Phishing is a type of cyber attack that utilizes social engineering in an attempt to steal your identity by obtaining your personal information. By impersonating a person or company you trust, the scammer tries to receive your passwords, credit card numbers, account numbers, birthdate, or other information. Phishing can also be conducted via e-mail, websites, telephone, or even postal mail.  The point is to exploit you without you knowing and with your help. Knowing how to protect yourself by learning how to spot phishing attempts can protect you against having you identity stolen.

Protecting yourself from this type of cyber-attack relies only on your vigilance online. Always be on the lookout for odd letters or emails requesting information, especially when there are spelling errors or mysterious links. Often a phishing email will pose as one company but the link inside goes to a completely different obscure website. Ensure that trusted websites are the official versions and not just impersonations before you submit personal information. If you are suspicious of a website, link, or any form of communication, you can report it to Information Security by forwarding the email to spam@wit.edu or abuse@wit.edu.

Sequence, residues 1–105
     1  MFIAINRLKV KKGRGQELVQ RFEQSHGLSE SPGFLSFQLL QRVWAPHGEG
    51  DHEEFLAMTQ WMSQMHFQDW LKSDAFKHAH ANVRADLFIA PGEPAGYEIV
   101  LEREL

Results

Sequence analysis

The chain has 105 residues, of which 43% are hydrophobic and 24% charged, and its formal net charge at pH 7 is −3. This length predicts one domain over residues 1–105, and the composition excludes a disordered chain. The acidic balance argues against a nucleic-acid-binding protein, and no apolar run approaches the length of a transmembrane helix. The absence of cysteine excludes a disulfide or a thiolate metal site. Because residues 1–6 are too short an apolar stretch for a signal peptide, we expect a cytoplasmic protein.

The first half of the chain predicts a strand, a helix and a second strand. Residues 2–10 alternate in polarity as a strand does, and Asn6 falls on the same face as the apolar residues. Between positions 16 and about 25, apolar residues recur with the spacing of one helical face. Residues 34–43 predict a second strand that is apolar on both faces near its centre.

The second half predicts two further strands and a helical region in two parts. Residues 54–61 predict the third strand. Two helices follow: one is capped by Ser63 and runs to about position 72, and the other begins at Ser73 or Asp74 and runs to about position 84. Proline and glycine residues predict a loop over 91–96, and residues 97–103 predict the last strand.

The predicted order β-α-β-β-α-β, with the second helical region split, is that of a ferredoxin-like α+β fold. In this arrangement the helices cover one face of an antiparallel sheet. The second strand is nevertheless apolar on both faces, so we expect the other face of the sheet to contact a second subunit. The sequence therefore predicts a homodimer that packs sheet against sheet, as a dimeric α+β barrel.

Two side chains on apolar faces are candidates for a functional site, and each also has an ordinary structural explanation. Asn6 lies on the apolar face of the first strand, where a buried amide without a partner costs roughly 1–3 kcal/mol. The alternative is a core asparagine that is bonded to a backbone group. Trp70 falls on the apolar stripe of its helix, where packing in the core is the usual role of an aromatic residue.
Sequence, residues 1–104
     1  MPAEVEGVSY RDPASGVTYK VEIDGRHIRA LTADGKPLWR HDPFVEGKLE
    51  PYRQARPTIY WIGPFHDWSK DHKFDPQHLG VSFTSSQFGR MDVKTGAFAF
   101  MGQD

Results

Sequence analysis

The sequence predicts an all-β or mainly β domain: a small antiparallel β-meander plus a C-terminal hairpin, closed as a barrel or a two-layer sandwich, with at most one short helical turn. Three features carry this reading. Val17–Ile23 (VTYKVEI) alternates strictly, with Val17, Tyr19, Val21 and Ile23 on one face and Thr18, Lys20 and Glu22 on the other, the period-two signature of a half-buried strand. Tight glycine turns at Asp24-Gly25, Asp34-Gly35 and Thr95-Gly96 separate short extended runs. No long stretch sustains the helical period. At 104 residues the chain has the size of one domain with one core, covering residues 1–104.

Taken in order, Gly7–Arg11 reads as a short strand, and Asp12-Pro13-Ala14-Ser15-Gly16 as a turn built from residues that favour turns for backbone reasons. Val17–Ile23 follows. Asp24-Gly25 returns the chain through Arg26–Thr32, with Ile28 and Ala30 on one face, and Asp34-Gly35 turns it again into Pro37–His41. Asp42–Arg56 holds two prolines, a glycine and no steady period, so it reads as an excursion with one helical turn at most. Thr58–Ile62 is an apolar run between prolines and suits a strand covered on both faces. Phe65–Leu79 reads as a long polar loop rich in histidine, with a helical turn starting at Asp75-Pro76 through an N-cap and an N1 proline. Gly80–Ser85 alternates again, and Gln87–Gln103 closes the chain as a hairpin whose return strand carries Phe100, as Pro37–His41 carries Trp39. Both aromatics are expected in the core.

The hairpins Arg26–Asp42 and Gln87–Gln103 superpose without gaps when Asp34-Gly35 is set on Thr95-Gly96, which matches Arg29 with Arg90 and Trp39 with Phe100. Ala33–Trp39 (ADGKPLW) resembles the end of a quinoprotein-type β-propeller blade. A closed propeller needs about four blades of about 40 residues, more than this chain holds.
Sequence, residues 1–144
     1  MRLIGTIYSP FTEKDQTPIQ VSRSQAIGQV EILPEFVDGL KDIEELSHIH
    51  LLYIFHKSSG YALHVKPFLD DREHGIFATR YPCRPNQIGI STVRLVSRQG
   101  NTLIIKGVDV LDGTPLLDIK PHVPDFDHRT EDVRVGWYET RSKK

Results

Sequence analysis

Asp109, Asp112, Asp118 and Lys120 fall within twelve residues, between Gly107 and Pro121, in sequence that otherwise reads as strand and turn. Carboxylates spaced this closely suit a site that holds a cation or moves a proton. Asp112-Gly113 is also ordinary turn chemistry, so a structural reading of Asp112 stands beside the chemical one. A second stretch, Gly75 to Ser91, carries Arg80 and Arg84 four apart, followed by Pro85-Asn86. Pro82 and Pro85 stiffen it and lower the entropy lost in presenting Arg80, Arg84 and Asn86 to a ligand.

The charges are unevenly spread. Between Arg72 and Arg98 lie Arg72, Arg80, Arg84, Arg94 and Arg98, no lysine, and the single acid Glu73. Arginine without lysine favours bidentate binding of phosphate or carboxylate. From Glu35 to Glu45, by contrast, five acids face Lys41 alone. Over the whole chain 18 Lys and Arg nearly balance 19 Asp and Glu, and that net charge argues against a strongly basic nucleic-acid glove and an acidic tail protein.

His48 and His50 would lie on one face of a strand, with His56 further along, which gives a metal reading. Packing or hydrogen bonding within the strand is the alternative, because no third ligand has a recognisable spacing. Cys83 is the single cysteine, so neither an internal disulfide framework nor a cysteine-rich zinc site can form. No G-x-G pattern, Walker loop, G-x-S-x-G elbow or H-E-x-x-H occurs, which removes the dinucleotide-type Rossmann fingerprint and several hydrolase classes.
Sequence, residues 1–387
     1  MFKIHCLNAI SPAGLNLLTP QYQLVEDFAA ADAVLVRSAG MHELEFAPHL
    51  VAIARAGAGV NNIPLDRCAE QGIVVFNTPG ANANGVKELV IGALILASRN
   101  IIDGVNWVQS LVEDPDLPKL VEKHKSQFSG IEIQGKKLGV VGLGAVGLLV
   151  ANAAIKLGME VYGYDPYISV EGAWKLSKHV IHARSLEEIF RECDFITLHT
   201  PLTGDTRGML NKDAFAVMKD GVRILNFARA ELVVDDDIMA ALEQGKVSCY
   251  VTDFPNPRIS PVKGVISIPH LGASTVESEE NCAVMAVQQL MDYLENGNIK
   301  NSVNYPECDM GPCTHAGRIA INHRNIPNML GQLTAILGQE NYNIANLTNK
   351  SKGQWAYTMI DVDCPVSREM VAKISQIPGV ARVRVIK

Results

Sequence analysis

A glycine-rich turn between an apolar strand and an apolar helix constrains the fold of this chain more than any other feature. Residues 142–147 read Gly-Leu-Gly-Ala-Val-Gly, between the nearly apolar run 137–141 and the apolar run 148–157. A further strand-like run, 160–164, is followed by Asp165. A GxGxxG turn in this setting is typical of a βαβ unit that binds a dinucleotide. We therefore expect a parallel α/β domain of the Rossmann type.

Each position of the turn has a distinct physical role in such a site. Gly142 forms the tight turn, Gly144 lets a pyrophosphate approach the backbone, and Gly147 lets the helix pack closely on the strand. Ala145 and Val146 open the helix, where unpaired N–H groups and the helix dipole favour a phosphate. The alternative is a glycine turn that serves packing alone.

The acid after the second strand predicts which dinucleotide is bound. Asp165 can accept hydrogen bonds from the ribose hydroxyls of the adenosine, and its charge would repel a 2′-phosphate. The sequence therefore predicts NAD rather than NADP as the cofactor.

The Wentworth Information Security Office also provides more on how to better prepare you for phishing attacks at our phishing information page.

What better place to catch unsuspecting people who are bored and want to go online than the airport? Next time you’re flying be cautious of the wireless network you choose to join on you mobile device because it could easily be an ad hoc network (phone to phone connection) or another trap set by a hacker. Often times a hacker will intercept information over an unsecured Wi-Fi network and acquire people’s passwords to social media or worst yet, their credentials used to access their bank account online. Think of unprotected Wi-Fi like a mailing a letter in a transparent envelope and placing it in an unsecure mailbox, you have to leave the information in it and wait for the mail carrier (website) to pick it up. If a hacker gets to the information before the website (mail carrier), he could view the contents and even tamper with it. The safest thing is to never input sensitive information on an unprotected Wi-Fi network.